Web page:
Expeditious conflict resolution benefits everyone
On July 7-8, I attended a two-day workshop on “Mediating Land Use Disputes” in Freeport, Maine, put on by the Lincoln Land Institute. A very nice venue, although they worked us too hard.
My interest in mediation follows my role as an arbitrator.
I currently serve as a neutral arbitration panel member for the National Association of Securities Dealer, or NASD. About five years ago, NASD came to the Counselors of Real Estate and said, “Our members are selling Real Estate Investment Trust (REIT) stocks, and it occurred to us that should there be future litigation, which under NASD rules mandates arbitration in lieu of filing suit in court we may want to have some trained arbitrators who know something about commercial real estate investments” (or words to that effect).
Over the intervening years I have served on a half-dozen cases, none of which had anything to do with REITs or commercial real estate investments. The underlying philosophy of the NASD is to resolve brokerage disputes as quickly and fairly as possible. Therefore, during arbitration the parties are encouraged to continue to meet in parallel to the arbitration proceedings without prejudice. NASD offers a mediation service as well. The result is that about half the cases are settled outside of a final arbitration decision.
Arbitration is a formal legal proceeding following written rules and protocols. The arbitrators’ decision is final and binding upon the parties, which makes it an all or nothing proposition in most cases. The whole process can take one to three years and is cumbersome. Hence an alternative of a negotiated expedited resolution among the parties is attractive.
Under mediation, one mediator facilitates a negotiated resolution among the parties. Caucuses are used frequently, and the mediator consults privately with each party, often ferrying back and forth to nudge the parties closer to a common position. The mediator almost has unlimited latitude and can use all the creativity he/she can muster.
Horse of a different color
Mediation is all about dealmaking, focused on fairness and reasonable compromises to settle the dispute and get on with business. Depending on the size of the claim or dispute, there can be real money involved and passions can run high. The mediator is selected jointly by the parties and negotiates his/her own fee to be paid equally by the parties. The focus is less on procedure and technicalities than on resolution mutually agreed to by the parties.
Mediation is similar to what I do on a daily basis as a real estate counselor and adviser. As I tell all my clients, all I have to sell is my time, and therefore I must be selective in what assignment and projects I commit to. The more expeditiously I can get my clients to agree to terms, the more assignments I can complete. Likewise, the more expeditiously I can educate and resolve my clients’ issues, questions and concerns, the more value they receive from engaging me. I am fond of saying that I am a deal maker not a deal breaker.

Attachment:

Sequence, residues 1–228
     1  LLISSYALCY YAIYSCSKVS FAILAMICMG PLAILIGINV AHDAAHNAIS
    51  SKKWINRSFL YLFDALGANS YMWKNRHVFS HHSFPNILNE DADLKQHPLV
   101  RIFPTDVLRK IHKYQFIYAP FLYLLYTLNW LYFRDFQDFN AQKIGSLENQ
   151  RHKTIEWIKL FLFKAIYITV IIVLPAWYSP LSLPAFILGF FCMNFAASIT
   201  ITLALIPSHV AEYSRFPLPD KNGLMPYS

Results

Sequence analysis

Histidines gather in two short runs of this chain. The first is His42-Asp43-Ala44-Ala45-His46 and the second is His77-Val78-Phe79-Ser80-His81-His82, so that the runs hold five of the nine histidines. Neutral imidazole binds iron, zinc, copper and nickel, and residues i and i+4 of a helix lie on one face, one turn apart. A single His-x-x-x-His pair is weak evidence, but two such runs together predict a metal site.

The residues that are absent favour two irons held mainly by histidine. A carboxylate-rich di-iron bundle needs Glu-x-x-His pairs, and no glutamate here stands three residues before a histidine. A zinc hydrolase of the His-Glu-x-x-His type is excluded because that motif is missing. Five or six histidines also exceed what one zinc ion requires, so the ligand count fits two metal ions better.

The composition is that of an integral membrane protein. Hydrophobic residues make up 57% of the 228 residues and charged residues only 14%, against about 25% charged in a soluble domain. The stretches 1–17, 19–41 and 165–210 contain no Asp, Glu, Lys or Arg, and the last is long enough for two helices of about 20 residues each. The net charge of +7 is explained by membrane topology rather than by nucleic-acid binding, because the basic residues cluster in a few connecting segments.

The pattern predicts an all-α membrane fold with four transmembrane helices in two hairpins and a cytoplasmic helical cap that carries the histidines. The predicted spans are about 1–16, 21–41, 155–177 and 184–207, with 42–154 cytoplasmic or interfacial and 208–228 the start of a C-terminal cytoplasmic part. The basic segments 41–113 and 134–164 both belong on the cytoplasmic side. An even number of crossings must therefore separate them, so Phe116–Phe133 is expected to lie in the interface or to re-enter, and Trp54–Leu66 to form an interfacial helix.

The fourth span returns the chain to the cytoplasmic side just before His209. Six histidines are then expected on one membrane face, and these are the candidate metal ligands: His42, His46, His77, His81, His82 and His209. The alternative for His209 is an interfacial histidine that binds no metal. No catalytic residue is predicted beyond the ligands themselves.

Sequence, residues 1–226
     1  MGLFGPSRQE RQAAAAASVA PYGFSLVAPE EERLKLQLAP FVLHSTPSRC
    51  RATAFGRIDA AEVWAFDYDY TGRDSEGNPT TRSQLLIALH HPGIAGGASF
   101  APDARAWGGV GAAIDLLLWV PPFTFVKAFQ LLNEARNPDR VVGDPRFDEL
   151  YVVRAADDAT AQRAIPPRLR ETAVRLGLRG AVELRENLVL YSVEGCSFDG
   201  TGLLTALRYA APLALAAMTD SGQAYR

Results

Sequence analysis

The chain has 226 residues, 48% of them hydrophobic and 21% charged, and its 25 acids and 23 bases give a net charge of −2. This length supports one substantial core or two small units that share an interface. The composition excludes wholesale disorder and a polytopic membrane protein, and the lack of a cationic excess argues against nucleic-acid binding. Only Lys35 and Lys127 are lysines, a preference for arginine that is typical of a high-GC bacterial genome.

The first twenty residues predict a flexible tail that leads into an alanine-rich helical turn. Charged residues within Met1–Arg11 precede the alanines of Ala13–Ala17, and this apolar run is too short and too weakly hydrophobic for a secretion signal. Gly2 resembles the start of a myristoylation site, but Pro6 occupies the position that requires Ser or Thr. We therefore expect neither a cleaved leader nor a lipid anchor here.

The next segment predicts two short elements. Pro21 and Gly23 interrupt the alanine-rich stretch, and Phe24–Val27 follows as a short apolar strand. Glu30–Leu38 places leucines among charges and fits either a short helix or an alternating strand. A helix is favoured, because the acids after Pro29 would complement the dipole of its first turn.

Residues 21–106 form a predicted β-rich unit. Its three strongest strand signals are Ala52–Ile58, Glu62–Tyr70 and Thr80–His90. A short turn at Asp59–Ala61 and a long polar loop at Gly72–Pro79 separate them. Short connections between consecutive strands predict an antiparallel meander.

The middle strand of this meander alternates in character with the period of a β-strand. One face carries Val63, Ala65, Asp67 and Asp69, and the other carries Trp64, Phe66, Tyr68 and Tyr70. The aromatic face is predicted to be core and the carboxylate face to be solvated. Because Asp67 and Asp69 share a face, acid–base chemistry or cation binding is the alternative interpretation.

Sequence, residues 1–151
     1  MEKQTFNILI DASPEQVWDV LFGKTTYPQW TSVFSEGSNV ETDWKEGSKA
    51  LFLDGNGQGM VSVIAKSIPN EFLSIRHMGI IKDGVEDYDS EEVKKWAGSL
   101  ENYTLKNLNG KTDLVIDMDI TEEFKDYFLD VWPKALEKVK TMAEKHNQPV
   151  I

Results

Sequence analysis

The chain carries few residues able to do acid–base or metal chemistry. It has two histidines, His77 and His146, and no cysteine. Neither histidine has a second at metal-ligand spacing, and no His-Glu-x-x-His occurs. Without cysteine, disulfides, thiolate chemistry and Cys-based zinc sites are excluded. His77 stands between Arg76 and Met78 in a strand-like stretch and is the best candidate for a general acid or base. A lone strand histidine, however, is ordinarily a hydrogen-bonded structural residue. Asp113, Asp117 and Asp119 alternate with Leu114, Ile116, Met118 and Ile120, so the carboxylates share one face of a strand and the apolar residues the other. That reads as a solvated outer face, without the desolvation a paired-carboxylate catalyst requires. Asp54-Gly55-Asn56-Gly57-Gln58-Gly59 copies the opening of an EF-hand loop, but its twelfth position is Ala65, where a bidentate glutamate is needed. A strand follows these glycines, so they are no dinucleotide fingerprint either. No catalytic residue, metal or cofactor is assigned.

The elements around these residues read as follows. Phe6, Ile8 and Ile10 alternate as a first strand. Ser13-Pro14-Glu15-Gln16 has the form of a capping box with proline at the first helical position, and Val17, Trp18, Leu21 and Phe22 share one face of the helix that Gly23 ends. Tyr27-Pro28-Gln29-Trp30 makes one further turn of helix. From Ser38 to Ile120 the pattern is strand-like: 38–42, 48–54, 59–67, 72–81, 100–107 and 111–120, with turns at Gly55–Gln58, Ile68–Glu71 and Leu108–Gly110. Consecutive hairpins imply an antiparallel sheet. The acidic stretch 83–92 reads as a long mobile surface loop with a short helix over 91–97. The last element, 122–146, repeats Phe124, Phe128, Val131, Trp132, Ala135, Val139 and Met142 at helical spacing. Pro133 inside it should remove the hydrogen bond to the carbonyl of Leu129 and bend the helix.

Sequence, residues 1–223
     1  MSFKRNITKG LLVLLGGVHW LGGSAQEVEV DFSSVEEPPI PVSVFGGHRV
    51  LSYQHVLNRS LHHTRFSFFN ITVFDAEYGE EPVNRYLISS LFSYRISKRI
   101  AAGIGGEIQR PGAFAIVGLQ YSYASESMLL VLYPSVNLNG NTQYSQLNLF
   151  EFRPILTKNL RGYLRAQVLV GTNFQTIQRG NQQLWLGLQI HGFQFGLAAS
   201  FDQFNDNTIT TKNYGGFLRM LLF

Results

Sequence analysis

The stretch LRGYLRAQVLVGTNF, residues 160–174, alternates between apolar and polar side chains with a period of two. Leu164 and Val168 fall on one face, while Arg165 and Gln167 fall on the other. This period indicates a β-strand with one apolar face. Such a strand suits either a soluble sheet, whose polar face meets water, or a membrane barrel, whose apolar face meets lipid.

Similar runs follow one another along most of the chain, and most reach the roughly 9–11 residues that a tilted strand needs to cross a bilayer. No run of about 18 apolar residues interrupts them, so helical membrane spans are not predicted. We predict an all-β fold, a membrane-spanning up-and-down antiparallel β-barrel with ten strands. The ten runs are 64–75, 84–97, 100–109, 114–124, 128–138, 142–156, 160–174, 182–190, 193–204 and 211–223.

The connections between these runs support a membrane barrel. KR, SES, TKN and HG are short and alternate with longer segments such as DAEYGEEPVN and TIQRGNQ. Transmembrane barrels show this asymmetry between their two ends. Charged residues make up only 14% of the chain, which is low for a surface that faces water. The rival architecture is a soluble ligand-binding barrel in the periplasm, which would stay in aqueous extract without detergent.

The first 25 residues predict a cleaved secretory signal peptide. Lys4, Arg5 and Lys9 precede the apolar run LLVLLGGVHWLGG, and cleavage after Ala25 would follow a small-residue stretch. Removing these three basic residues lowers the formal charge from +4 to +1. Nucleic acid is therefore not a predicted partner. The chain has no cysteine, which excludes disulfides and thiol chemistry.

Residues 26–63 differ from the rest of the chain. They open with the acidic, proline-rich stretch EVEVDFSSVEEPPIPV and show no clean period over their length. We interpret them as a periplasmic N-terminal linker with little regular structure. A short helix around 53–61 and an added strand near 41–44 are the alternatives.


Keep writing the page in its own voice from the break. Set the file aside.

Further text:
It is all about getting to win-win. Success is very rewarding, while lack of success is very frustrating. We are fortunate enough to have a broad range of clients in many industries and sectors, which gives us opportunity to deal with many new and challenging tasks. The variety of assignments is another bonus.
Our clients benefit as well when we cross-pollinate by bringing our experience in educational and institutional settings to our health care clients or utilities or municipalities. Variety is the spice of life.
What does this have to do with mediation? Daily dealmaking and facilitation is informal mediation. It is all about bringing the parties closer together, not pushing them further apart. It is what we do and what we are good at.
But “Mediating Land Use Disputes” is a horse of a different color. Land use involves zoning, master plans and a developer/owner’s desire to make a profit. The rub is often that the community/neighborhood’s vision of what should or should not happen is not always in synch with the ordinances, regulation and community’s land use plan. Mediation, often among many stakeholders, is one tactic to move beyond impasse and seek a viable solution or compromise.
There always will be disputes whether they involve land use, real estate or investments. There are several means to resolve them: filing suit in a court of law; arbitration, both binding and nonbinding; mediation and facilitation. Today there are many practitioners able to help resolve conflicts. If your dispute involves a certain discipline, such as commercial real estate, then you should look for an arbitrator/mediator/facilitator with extensive knowledge of that discipline. nhbr
Bill Norton, president of Norton Asset Management, is a Counselor of Real Estate (CRE) and director of the Greater Manchester Chamber of Commerce. He also sits on the board of The Initiative for a 20/20 Vision for Concord, N.H. He can be reached at firstname.lastname@example.org.